Bern or Berne (German: Bern [bɛrn] (listen), Alemannic German: Bärn [b̥æːrn], French: Berne [bɛʁn], Italian: Berna [ˈbɛrna], Romansh: Berna [ˈbɛrnɐ] (listen)) is the de facto capital of Switzerland, referred to by the Swiss as their "federal city", in German Bundesstadt, French ville fédérale, and Italian città federale. With a population of about 140,000 (as of 2019), Bern is the fifth-most populous city in Switzerland. The Bern agglomeration, which includes 36 municipalities, had a population of 406,900 in 2014. The metropolitan area had a population of 660,000 in 2000. Bern is also the capital of the canton of Bern, the second-most populous of Switzerland's cantons.
The official language in Bern is (the Swiss variety of Standard) German, but the most-spoken language is an Alemannic Swiss German dialect, Bernese German.
In 1983, the historic old town (in German: Altstadt) in the centre of Bern became a UNESCO World Heritage Site.Bern railway station
Bern railway station (German: Bahnhof Bern) serves the municipality of Bern, the capital city of Switzerland. Opened progressively between 1858 and 1860, and rebuilt several times since then, it lies on the Olten–Bern and the Lausanne–Bern lines (together forming the line known as the Mittellandlinie in German) and is near the end of the Lötschberg line. The station is owned by the Swiss Federal Railways (SBB CFF FFS). Train services to and from the station are operated by the Swiss Federal Railways, the Bern-Lötschberg-Simplon railway (BLS) and the metre gauge Regionalverkehr Bern-Solothurn (RBS). Trains calling at the station include TGVs, ICEs, and international trains to Italy.
Bern is the nearest station to the University of Bern in the Länggasse quarter. There is a rooftop terrace on top of the station, accessed by lift from the subway by Platforms 12 and 13, with views over the city and to the Bernese Alps. Access to Bern Airport from the station is normally via rail to Belp station and then by connecting bus, but the first and last buses each day run directly between Bern station and the airport. It has an IATA Airport Code (ZDJ), as American Airlines codeshares on the Swiss Federal Railways service from Zurich International Airport in Zürich.Between 1999 and 2003, the station was renovated and partially redesigned. Presently, the site contains Rail City, a shopping center open for longer opening hours than most other shops in the city, and also on Sundays and public holidays, when most other shops would be close; this is possible as the shop opening laws of the Canton and the city of Bern do not apply to federally-owned real estate. The station has 12 standard gauge platforms (numbered 1-10 and 12-13) and four meter gauge RBS platforms (numbered 21-24). Curiously, there is no platform 11, but there is a through railway track with no platform face between platforms 10 and 12. The station interchanges with many local bus, tram and trolley bus routes (operated by BERNMOBIL) and regional bus services (operated by PostAuto).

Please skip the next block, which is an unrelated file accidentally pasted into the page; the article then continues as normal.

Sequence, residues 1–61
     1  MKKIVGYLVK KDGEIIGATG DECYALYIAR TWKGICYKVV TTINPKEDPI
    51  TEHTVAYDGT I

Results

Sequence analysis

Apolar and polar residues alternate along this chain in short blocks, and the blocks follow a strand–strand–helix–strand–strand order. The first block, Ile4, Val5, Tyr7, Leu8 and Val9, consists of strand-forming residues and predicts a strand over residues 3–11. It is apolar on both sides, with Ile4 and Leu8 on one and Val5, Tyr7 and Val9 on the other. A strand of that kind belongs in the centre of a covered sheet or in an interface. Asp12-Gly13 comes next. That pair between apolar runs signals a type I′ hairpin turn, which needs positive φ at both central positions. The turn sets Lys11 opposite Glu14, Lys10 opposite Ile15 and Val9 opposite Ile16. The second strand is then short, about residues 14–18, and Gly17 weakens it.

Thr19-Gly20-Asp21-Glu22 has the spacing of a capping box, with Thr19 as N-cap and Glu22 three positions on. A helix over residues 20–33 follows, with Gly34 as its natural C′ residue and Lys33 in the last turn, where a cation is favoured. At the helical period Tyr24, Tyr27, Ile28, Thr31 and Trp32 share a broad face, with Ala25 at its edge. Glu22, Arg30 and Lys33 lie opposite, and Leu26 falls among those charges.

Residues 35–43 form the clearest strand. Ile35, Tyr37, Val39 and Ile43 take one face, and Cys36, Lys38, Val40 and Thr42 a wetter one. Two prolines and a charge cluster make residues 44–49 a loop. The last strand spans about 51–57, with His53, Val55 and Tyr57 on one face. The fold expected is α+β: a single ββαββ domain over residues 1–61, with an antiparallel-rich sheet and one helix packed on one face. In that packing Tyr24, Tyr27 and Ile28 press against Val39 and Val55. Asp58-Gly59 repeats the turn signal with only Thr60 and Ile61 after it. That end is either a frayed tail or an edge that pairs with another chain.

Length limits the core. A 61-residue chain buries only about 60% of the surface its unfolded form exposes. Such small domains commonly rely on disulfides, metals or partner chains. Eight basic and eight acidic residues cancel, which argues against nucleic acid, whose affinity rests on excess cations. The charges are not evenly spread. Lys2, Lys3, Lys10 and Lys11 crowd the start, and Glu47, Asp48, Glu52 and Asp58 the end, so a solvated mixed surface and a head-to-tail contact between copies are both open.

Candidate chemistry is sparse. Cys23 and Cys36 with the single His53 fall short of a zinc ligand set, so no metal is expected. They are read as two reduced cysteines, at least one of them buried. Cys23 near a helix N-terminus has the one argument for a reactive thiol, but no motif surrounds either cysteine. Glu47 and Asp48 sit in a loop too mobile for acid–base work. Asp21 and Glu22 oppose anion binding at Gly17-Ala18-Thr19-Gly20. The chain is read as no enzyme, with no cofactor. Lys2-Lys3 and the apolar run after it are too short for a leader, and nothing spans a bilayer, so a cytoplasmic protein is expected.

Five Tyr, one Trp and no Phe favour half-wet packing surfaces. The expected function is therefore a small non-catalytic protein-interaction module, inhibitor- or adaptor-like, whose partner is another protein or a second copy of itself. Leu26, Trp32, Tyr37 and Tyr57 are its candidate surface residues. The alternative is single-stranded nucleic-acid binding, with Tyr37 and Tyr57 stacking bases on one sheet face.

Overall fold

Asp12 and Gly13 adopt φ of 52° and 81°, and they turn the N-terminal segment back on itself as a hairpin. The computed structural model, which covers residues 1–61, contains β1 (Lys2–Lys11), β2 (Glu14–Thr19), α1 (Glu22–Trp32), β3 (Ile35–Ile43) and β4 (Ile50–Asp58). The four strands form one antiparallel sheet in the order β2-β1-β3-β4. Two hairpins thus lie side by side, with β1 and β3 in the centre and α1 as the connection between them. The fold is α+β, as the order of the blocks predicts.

Amid projections of dramatically increasing passenger numbers, plans for a major expansion and development of Bern Station, largely focusing upon new underground areas, were mooted during the 2010s. Swiss Federal Railways, Regional Bern-Solothurn, and the city of Bern are the key backers behind this development. On 26 June 2017, authorisation to proceed with the planned station expansion was issued and construction activity commenced during the following month. The renovated station is expected to be completed by the end of 2025.Coastal Carolina Regional Airport
Coastal Carolina Regional Airport (IATA: EWN, ICAO: KEWN, FAA LID: EWN) is a public airport located three miles (5 km) southeast of central business district of New Bern, a town in Craven County, North Carolina, United States. EWN covers 785 acres (318 ha) of land.Coastal Carolina Regional Airport serves four counties in Eastern North Carolina. They include Craven County, Pamlico County, Carteret County, and Jones County. The total population encachment area of the four counties as of the June 2004 census was 176,851. Coastal Carolina Regional Airport is the main connection to Crystal Coast North Carolina destinations such as Marine Corps Air Station Cherry Point, Atlantic Beach, North Carolina, various seasonal camps including Camp Sea Gull/Seafarer and Camp Don Lee, and Emerald Isle, North Carolina.
On July 10, 2008 the North Carolina General Assembly ratified a bill that allowed Craven County Regional Airport to change its name to Coastal Carolina Regional Airport. The name change became effective on August 15, 2008.It is included in the Federal Aviation Administration (FAA) National Plan of Integrated Airport Systems for 2017–2021, in which it is categorized as a non-hub primary commercial service facility.Heliswiss